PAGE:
Plot: As he travels through the desert on the roof of a car, safe inside his aquarium, a chameleon finds himself in trouble after his owner has a car accident. The small lizard is thrown off the car and manages to survive the crash, then gets some sage advice from an armadillo, before he explores the desert. As he approaches a dusty town known as Dirt, he decides he can have a new life and be whoever he wants, so he settles on a gunslinger persona, named Rango. He soon learns that Dirt is in the middle of a serious situation, one that threatens the entire town’s population. The water supply is bone dry and no one seems to have an answer, but Rango’s accidental defeat of a dangerous hawk makes them think he could be the hero they need. He agrees to lend a hand, but finds himself in over his head in scenario after scenario, somehow managing to keep up his facade as he goes. But is Rango destined to be the hero to save Dirt, or will they learn the truth about his false claims and persona?
Entertainment Value: One of the most surreal, offbeat animated features ever, Rango riled up some parents due to some questionable content, but the movie was a smash hit and even earned an Oscar as Best Animated Feature. A lot of animated movies aimed at kids tend to throw in references or sly humor to keep adults entertained, but Rango is open in how it courts both grown ups and younger audiences. A western at heart, the movie’s narrative borrows from some familiar westerns, as a town relies on a new hero to save them, unaware he isn’t what he seems. But this never feels “been there, done that” or even close, thanks to the colorful characters, wild situations, and off the wall humor involved. Rango is populated with a wide scope of odd and interesting folks, but it makes sure to include some little tidbits about most of the ensemble, so no one feels like mere set dressing here. The humor is a blend of slapstick and silly jokes you’d expect, but also plenty of dialogue that adults will appreciate, especially if they happen to be big western fans. The pace is brisk and the humor is consistent, but things never feel rushed and both the story and characters are given ample room to breathe and develop, which ensures Rango delivers.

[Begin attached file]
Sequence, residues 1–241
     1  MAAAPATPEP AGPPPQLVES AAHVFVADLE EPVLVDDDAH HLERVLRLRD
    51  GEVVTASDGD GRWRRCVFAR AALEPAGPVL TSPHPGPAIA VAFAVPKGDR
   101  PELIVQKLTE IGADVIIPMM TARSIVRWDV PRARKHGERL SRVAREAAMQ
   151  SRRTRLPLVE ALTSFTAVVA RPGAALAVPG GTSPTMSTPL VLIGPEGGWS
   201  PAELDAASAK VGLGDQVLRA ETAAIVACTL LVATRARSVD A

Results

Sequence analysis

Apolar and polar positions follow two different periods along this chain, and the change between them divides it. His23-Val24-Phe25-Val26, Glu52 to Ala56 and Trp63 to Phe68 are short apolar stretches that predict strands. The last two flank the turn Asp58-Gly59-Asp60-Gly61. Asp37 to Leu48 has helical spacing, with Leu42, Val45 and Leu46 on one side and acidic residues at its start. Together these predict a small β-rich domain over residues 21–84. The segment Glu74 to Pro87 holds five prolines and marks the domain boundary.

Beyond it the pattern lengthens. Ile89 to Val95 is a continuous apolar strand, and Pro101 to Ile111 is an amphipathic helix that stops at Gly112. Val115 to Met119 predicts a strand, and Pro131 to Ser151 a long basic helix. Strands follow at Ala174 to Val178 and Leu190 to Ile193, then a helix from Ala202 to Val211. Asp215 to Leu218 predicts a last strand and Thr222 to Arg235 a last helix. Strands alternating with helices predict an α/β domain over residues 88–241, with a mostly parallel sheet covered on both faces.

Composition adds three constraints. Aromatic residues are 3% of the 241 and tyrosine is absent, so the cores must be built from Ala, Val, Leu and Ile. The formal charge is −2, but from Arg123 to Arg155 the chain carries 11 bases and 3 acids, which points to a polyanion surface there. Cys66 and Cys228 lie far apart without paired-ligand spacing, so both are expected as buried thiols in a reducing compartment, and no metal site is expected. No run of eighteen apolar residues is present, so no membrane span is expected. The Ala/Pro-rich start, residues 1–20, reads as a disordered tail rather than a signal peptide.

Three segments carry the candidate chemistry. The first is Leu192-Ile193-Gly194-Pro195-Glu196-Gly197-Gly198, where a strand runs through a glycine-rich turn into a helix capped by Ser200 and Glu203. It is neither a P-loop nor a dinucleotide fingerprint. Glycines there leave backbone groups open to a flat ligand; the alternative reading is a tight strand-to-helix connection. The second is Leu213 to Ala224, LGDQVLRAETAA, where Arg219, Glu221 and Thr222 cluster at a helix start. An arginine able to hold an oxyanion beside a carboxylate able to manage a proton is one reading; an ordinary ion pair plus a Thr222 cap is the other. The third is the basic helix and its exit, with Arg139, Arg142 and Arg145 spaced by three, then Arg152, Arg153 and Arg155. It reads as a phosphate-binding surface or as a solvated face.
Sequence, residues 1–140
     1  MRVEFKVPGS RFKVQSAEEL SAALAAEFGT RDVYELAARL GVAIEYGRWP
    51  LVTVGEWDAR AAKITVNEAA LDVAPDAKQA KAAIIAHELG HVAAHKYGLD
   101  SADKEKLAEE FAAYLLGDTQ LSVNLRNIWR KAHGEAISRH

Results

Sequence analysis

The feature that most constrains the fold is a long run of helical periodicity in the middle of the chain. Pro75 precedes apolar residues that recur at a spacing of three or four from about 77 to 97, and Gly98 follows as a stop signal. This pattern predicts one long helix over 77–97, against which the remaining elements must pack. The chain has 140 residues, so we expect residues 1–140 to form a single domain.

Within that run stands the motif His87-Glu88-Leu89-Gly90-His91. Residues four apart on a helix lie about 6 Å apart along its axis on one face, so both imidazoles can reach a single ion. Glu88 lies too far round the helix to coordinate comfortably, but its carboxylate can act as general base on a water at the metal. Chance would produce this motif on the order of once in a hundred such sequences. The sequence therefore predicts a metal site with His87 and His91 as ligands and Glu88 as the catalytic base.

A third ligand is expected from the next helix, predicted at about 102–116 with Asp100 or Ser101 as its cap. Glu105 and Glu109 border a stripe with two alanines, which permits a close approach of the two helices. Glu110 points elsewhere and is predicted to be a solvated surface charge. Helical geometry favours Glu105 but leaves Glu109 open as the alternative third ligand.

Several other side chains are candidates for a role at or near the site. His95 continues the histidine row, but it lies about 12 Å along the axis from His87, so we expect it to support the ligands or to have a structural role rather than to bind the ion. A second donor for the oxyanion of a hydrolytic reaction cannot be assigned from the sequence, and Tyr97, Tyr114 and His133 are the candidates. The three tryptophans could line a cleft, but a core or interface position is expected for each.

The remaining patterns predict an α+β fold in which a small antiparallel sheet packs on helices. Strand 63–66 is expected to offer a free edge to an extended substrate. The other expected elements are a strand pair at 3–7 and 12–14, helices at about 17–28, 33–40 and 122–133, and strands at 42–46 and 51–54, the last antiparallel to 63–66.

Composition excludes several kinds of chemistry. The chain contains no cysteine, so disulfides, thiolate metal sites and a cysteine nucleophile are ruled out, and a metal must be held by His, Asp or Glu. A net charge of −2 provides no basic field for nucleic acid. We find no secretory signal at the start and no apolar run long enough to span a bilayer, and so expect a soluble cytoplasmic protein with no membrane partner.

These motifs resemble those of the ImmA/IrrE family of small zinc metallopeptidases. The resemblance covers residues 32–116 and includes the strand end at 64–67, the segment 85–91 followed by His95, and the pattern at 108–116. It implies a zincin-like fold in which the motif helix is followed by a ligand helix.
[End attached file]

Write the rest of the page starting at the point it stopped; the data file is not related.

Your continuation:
The voice talent in this one is impressive, with Johnny Depp in the lead as our roguish chameleon. Depp is great in this role, able to milk all the humor from the lines, but not going over the top, as some actors do in animated voice work. He gives Rango a sense of coolness, but also a little awkward weirdness, which I think suits the character quite well. Isla Fisher is terrific as Beans and she is able to dial up her performance a little, as she is given a more broad character to work with. The rest of the cast is good as well, with familiar names in even the smallest of roles, so this is a remarkable ensemble of talent. The cast also includes Abigail Breslin, Timothy Olyphant, Stephen Root, Ned Beatty, Alfred Molina, Harry Dean Stanton, Bill Nighy, Ray Winstone, and even more, a fully loaded lineup. The animation in Rango is beautiful, with incredible attention to detail and some simply gorgeous visuals to soak in. You could pause just about any scene and marvel at all the little touches, with so much detail packed into each location and character. I also appreciate how varied the character designs are, even animals of the same species retain a unique, distinct look. I think Rango is one of the better animated movies out there and the decision to go down a surreal, unpredictable path serves the movie quite well.